Management Plan

Among the most meaningful cultural landscapes on Grosse Île are the cemeteries; however, their restoration poses special problems.

The Irish cemetery
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This is the island’s main burial ground and also its oldest, most likely dating to 1832. The cemetery actually contains two separate burial grounds: one was used from 1832 to 1846 for individual burials, and the other was an area of common trenches in which the victims of the 1847 epidemic were laid to rest. In 1996, following historical and archaeological surveys conducted for the purpose of defining the true boundaries of the cemetery, work was begun clearing the perimeter, which was in fact much greater than the lawn-covered area traditionally maintained. The western part of the cemetery was completely cleared of the thick shrubbery that had overrun the site; visitors can now see just how large the burial ground really was.
The central cemetery
Comparatively little information is available about this burial ground. It was laid out in 1867 and seems to have been used intensively until about 1871, when the hospitals were relocated to a different part of the island. Until very recently, the central cemetery occupied a wetland, which had become overrun by dense vegetation to the point of masking its very presence. Archaeological work has made it possible to define the boundaries of the burial ground, which once was surrounded by fences. Brush-cutting and sodding, combined with rebuilding of the fence, will help restore an appearance in keeping with the cemetery’s purpose.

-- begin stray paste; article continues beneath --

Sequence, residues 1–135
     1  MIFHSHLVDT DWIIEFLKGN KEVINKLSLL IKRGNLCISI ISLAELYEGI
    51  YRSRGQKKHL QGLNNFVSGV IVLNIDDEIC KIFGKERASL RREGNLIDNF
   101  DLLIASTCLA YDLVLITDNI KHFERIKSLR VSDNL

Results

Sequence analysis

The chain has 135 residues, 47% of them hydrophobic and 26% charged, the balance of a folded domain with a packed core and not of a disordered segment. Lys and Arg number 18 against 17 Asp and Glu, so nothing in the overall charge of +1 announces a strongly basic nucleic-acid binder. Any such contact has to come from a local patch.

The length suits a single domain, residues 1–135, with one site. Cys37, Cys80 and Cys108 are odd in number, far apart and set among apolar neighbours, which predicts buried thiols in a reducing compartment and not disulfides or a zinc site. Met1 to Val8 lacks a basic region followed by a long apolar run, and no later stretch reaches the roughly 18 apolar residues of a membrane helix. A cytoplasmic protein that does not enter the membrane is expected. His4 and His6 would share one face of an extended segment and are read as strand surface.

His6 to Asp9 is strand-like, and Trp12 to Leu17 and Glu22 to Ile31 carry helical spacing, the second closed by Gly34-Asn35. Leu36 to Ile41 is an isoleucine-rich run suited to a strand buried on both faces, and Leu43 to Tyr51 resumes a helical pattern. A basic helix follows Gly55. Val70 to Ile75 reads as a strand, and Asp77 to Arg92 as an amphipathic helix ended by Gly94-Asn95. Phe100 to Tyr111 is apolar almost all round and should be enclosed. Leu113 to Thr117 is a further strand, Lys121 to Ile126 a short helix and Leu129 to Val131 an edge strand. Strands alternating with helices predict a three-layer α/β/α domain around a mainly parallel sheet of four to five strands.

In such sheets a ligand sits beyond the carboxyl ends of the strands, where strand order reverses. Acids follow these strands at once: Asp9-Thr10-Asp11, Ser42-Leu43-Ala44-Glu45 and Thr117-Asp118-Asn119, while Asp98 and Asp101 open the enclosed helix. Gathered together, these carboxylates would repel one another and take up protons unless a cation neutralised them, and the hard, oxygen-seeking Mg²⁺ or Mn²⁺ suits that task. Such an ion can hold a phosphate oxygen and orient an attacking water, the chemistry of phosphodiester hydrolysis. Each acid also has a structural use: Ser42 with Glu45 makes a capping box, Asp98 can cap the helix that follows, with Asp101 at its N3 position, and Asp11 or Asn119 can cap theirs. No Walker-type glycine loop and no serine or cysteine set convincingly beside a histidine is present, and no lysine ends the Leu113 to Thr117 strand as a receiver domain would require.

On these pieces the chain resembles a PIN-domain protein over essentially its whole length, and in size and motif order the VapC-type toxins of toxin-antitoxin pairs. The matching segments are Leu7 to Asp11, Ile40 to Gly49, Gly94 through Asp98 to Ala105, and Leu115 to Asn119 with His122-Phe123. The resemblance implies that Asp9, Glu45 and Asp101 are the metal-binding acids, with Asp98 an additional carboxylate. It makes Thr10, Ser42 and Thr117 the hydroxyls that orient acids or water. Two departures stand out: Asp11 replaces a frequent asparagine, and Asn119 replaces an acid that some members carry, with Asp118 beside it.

The eastern cemetery
The original burial ground is now reduced to two divided lots containing most of the remaining tombstones and grave markers. Today, a stretch of the island’s aerial landing strip encroaches on the burial ground. Archaeological work performed during summer 1999 served to establish the boundaries of this cemetery. Rehabilitation work similar to that conducted in the central cemetery has been planned (see the section dealing with preservation and presentation of the site.)

13. PARKS CANADA, Plan de protection et de valorisation du paysage - LHN de la Grosse-Île-et-le-Mémorial-des- Irlandais [Landscape protection and presentation plan, Grosse Île and the Irish Memorial N.H.S.], Québec, May 1999, 49 p. + appendices and maps.

14. PRUD’HOMME, Chantal, Étude du paysage de Grosse-Île [Grosse Île landscape survey], Public Works and Government Services Canada for Parks Canada, Architecture and Engineering Services, Québec, 1995, 99 p. + appendix.


Analysis of the current situation

Ownership and legal context
Commemorative integrity of the site
Condition of landscapes and level-1 resources
Communication of site messages of national historic significance
Facilities
Environment
General status
Impacts of activities past and present
Public visitation and use
Visitation figures
Facilities and services
Co-operation
Regional tourism context